Emily Akpan is a Yon-sei of mixed heritage who is proud to be both Black and Japanese American. She is one of the chairs for NY Day of Remembrance, a NYC-based organizer for Tsuru for Solidarity, and plays an active role on the Tsuru for Solidarity’s communications committee. Emily is in the process of building a Black-Nikkei coalition with other Black-Nikkei activists for those who identify as Black and Japanese to find each other, tell our stories and build community & power. Emily lives in Brooklyn, NY where she was born and raised; and has immense love for Brooklyn and her second-home in Seattle where her Japanese American family lives. She earned a bachelor of science from Cornell University where she double majored in Communications and Development Sociology. She currently works at a healthcare advocacy non-profit doing communications and grant writing. 

 

Ross Masao Harano, former Managing Director of the State of the Illinois Trade Office, has over 30 years of experience in helping private and public organizations in the areas of public policy, management and finance. Ross has extensive involvement in public organizational activities and has served as President of the Illinois Ethnic Coalition and the Chicago Chapter of the Japanese American Citizens League. He has also served as the Treasurer of the Illinois Humanities Council and the Board President of the Illinois Campaign for Political Reform. Ross served as the Chair of the Commission of Asian American Affairs for the City of Chicago. In 1992, he was the first Asian American to be appointed as an Illinois Elector for the Electoral College. In 1994, he was the first Asian American to run for statewide office in Illinois when he was a Democratic candidate for Board Trustee of the University of Illinois. Ross has received awards from the Illinois Department of Human Rights, the American Jewish Committee, the Chicago Commission on Human Relations, and the Illinois Ethnic Coalition.

 

A scholar-activist and fundraising professional, Akemi Kochiyama currently serves as the Director of Advancement at Manhattan Country School, a progressive K-8 independent school with a mission-based commitment to social justice, diversity and equity in education and to multicultural community-building and the continuous development of young activists and scholars.

Akemi is also the Co-Director of the Yuri Kochiyama Archives Project and Co-Editor of Passing It On: A Memoir by Yuri Kochiyama (2004, UCLA Asian American Studies Center Press).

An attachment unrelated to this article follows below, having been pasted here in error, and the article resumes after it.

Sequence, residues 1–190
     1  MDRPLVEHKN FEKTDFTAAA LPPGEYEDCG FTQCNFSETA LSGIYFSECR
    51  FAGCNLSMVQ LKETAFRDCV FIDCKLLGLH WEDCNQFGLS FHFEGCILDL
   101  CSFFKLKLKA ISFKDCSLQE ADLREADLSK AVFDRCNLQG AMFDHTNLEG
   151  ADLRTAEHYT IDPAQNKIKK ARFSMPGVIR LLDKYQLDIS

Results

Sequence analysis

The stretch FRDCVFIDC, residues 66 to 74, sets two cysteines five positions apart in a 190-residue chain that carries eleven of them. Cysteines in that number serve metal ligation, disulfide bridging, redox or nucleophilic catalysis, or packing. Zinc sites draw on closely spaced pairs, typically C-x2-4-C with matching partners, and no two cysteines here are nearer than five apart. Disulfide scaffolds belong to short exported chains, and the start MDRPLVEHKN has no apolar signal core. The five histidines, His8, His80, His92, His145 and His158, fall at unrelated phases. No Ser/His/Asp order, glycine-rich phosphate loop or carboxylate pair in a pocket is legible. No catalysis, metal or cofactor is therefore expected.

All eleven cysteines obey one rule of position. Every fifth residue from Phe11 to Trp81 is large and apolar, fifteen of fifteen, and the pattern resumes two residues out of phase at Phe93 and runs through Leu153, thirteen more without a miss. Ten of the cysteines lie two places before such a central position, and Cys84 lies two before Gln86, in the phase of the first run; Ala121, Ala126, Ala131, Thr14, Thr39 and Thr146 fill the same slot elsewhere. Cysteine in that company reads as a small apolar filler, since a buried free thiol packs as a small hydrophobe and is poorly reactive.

A graduate of Spelman College, Akemi is a doctoral candidate in the Ph.D. Program in Cultural Anthropology at the Graduate Center of the City University of New York and the parent of two teenagers, Leilani and Malia.

 

Hiroshi Shimizu was born in Topaz and travelled through Minidoka, Ellis Island and Rohwer before arriving at Tule Lake at 6 months of age.  After his parents spent a tumultuous 2 ½ years at Tule Lake, where his father was imprisoned in the Stockade for 3 months, then taught at the high school level in the Third Ward Japanese Language School.  In 1945 his parents renounced their U.S. citizenship and were rejected for release back into America, the family, which now included a younger sister, was sent for continued incarceration, 6 months after the end of the war with Japan, to the Department of Justice Internment camp at Crystal City, Texas.  They were released in September of 1947, 2 years after the war officially ended.

In 1996 Hiroshi became a member of the Tule Lake Committee.  In 2004 he became the chairman of the Tule Lake Pilgrimage Planning Committee.  In 2006 he also became President of the Tule Lake Committee Board of Directors.  He is currently, also, co-chairman of the Crystal City Pilgrimage Planning Committee

Click here to watch the third session!

October 10th 
10am-12pm PDT | 1pm-3pm EDT

The third Community Conversation will be moderated by Tsuru for Solidarity Co-Chair Duncan Williams and will feature multiracial Japanese American scholars and activists discussing belonging, identity, and diversity within Japanese America. The roughly 1.3 million-strong Japanese American community is on the cusp of becoming majority multiracial. Join us for this conversation about the the great diversity of multiracial families that constitutes Japanese America; the history of multiracial Japanese Americans, including those who were incarcerated in the WWII camps; and anti-Blackness and other forms of structural racism within the community.

1pm-3pm PDT | 4pm-6pm EDT

The workshop will be followed by affinity group spaces. These groups are an opportunity for multiracial Nikkei to engage in conversation and community building. There will also be spaces for parents, guardians, and caregivers of multiracial Japanese Americans. 

Click here to register

Meet our panel: